Thursday by Georgia, Ellie w, Carissa and Laurie
In P6 our lesson was about the circulatory system. The children hadn't learned this yet, so we were stepping onto new turf. The class got stuck in and asked questions if they didn't understand. Teaching the children a new subject felt really good as it feels that we haven't just taught them about things that they already knew, but also that we have been teaching them completely new topics as well.
The kids always take great pride in their work and after four days of lessons and activities, P6 is now a much more colourful room, with a large world map, paintings, drawings, diagrams and pieces of writing now covering almost all of the walls.
Our morning activity was disrupted today as a group of students from Atlanta, Georgia in the US visited. The Spurgeons students sang a number of songs led by two girls from P8, and had everyone joining in with the dancing and actions. It was great to see the whole school coming together and hearing them sing. The American students then sang a few songs themselves for Spurgeons, which had the kids singing and joining in with actions again.
In the afternoon, we went straight into our afternoon activity where we had the class split into three teams and they did relay races such as running, backwards running, skipping, space hoppers and balancing bean bags.
After activities had finished P1-6 joined together for the stage activities where elephants, giraffes and lions competed against each other for points which will be totaled tomorrow.
The other half of the team then went on home visits. Those of us in P6 visited the home of a girl called Diana in our class. She is 13, and lives with her 9 year old sister, stepmother and her father. Her father has not been to work for 3 months now as he is sick, which has been a blow to the family as he was the main breadwinner for them. Their home was about 10ft by 12ft, and there were two beds, a small table, a cabinet with a television on top and also a sofa/bench type chair. They cannot always afford food, especially since the father became ill, and he told us that if there was anything we could do that would help his daughters achieve their dreams, it was very greatly appreciated. Both of the girls like Spurgeons, and would like to become air hostesses. They arrive at school at 6.30am and leave at 6.30pm, and do revision or other activities between the end of the school lessons and the time they leave Spurgeons.
Seeing how they were living and the conditions around their home and the rest of Kibera that we walked through, was a real eye-opener to the differences between not only the UK and Kenya, but also to the differences between what the two countries consider 'poverty'. It has shown that there is a lot to be grateful for, and that at least if we are 'poor' in the UK, that if we have no job, at least there are systems in place to help those in need, whereas in Kenya people have to do anything they can just to live. For example, if he was working the father of Diana earned around £40 per month, £15 of which is needed for rent. The rest of the money then has to pay for food, water, electric, medical care, using a toilet, and if they aren't sponsored, the money is also required to send the girls to school.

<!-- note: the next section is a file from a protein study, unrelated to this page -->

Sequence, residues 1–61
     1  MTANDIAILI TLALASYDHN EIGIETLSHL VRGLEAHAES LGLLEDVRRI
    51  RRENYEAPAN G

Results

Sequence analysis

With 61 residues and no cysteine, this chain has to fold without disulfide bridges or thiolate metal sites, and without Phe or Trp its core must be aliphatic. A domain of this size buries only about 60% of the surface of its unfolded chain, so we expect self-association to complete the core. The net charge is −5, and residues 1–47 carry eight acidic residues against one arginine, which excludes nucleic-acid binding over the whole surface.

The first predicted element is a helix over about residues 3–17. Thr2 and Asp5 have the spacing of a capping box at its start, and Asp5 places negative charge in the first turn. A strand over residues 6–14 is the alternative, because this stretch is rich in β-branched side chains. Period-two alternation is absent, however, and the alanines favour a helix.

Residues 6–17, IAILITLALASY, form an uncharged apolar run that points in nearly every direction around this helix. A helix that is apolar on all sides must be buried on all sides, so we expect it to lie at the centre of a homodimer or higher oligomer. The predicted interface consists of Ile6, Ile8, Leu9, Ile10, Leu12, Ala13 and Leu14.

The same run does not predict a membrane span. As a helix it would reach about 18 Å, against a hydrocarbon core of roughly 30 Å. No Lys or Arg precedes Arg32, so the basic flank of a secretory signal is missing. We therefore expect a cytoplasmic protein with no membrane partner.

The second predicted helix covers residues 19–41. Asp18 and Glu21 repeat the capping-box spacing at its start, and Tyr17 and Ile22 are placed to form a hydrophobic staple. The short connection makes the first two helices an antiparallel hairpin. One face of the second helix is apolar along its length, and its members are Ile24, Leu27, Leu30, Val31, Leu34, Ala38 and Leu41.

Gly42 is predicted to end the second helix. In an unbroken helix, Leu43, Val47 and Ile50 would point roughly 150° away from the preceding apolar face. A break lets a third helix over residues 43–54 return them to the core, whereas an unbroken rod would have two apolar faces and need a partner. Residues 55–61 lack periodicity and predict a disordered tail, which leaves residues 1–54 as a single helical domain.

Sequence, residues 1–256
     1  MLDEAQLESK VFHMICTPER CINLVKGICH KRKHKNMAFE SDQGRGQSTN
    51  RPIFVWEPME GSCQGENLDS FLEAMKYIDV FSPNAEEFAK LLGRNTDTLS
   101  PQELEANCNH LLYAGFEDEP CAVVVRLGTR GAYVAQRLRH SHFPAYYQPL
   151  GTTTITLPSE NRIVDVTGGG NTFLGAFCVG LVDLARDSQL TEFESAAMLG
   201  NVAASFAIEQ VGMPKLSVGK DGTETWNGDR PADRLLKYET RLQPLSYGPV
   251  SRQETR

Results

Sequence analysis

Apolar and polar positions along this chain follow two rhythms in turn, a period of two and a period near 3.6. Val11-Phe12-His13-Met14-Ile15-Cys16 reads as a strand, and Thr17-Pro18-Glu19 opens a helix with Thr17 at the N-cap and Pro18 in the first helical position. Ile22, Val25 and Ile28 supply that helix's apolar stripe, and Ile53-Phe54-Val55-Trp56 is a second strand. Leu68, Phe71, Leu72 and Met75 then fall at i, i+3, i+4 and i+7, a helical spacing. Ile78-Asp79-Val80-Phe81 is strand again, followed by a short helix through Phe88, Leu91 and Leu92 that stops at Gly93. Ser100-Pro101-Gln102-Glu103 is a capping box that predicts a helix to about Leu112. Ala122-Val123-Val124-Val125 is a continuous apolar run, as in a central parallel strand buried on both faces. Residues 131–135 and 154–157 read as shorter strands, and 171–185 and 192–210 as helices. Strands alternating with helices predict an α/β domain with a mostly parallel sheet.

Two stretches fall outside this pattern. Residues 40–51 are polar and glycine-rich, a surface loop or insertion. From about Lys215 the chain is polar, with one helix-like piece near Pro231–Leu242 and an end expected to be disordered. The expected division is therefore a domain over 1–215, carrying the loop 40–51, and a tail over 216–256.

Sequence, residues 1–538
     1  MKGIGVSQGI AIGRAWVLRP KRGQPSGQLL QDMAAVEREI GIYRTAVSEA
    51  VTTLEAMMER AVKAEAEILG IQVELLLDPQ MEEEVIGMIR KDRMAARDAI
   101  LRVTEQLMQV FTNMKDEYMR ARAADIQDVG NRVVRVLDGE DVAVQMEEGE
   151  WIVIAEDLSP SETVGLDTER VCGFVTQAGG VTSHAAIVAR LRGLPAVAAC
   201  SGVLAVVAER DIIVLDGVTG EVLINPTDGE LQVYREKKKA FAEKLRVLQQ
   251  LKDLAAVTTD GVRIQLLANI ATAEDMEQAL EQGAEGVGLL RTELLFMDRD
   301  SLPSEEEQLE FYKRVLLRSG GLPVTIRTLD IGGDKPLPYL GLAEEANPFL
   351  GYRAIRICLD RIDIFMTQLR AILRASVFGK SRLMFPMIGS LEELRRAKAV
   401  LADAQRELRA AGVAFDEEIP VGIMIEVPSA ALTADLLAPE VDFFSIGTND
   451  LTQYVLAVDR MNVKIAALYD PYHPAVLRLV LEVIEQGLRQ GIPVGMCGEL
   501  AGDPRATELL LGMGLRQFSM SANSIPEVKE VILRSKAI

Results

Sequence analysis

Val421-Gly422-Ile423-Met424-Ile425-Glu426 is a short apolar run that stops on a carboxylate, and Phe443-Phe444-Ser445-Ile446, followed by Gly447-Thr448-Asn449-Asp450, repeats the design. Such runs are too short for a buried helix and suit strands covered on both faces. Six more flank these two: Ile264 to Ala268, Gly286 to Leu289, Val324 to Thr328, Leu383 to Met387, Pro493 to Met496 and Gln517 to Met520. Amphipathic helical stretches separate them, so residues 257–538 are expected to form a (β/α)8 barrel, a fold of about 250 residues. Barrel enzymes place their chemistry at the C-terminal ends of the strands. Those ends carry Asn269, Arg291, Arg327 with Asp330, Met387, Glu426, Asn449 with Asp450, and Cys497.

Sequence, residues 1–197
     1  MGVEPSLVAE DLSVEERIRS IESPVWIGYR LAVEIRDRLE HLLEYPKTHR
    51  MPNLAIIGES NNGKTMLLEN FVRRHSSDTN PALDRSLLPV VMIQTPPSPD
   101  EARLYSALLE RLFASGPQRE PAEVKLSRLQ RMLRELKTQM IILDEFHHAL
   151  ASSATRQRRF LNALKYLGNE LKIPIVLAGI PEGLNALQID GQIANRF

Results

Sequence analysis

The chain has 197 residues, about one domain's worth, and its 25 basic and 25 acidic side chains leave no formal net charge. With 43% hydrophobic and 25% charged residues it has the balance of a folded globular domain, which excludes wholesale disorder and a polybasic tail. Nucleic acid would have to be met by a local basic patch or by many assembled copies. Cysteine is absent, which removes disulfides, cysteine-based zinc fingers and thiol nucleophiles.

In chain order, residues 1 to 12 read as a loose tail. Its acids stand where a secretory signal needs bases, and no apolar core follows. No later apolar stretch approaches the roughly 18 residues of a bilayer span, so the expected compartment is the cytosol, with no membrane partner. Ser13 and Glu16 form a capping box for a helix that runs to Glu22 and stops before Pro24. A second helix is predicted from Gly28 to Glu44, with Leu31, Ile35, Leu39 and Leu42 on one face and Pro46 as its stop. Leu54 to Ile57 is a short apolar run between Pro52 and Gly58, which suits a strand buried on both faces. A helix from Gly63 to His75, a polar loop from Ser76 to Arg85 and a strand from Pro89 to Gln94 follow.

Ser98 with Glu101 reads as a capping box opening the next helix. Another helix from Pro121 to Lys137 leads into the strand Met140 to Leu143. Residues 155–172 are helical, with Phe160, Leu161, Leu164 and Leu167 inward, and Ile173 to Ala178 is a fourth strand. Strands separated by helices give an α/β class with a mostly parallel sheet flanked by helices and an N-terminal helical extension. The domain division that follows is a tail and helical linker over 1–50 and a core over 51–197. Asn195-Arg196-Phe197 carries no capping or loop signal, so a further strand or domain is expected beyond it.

home visits: P1; Laurie, Briany and Jade accompanied by Barbara and Josh the camera man went to a young girl named Janet, she is a sweet quiet girl who we had not interacted much with, her family was very welcoming, i felt like an honour to be in their home. their living room is not much bigger than a downstairs bathroom, there was 1 bed for 6 people, literally a cupboard for a kitchen, they own 1 chicken which they take turns to have an egg, they would wait and let them hatch so that they could have more but they never have enough food so they have to eat them, they only eat once a day apart from two of their children who go to Spurgeons which gives the children breakfast and lunch. finally the uncle said that if Spurgeons helped Janet with her dream of becoming a teacher then he will be the happiest man on earth and this made the whole group well up as we have contributed to.
Carissa: the P3 trip to Ben’s house was a serious eye opener. His family and him live in a house smaller than my bathroom, with 1 sofa, 1 broken, chair, a fuzzy black an d white TV that is hardly working and a curtain for a door. Once we had taken in the house our group began to ask some questions on Ben’s family. Ben lives with his mum, brothers and sister and a toddler his mum took in, since the toddlers parents passed away. Ben’s dad had also passed away. His mum raised him and his siblings single-handed. Then after the questions on family we asked about how far thy have to walk to get water etc. Luckily his mum said there was a water pump near the house. However, the toilet is quite a way away and you have to pay to use it. So when his family don’t have enough money to pay the toilet fee they us a ‘flying toilet’ – they just go in a plastic bag then literally throw the bag away. As for getting food, Ben’s mum has to sell charcoal to pay for their measly bit of food. When she doesn’t get a good sell, the family doesn’t have any dinner. The same goes for the rent, she doesn’t sell enough charcoal then she has to beg the landlord for more time to pay. So times are hard for the family when their mum doesn’t sell much. This is pretty often as the other people in the slums are broke also, and she doesn’t sell outside the slum unlike her neighbours. Yet even though they have so little Ben is always such a happy boy. That is the eye opener. You don’t need money for happiness, you need family.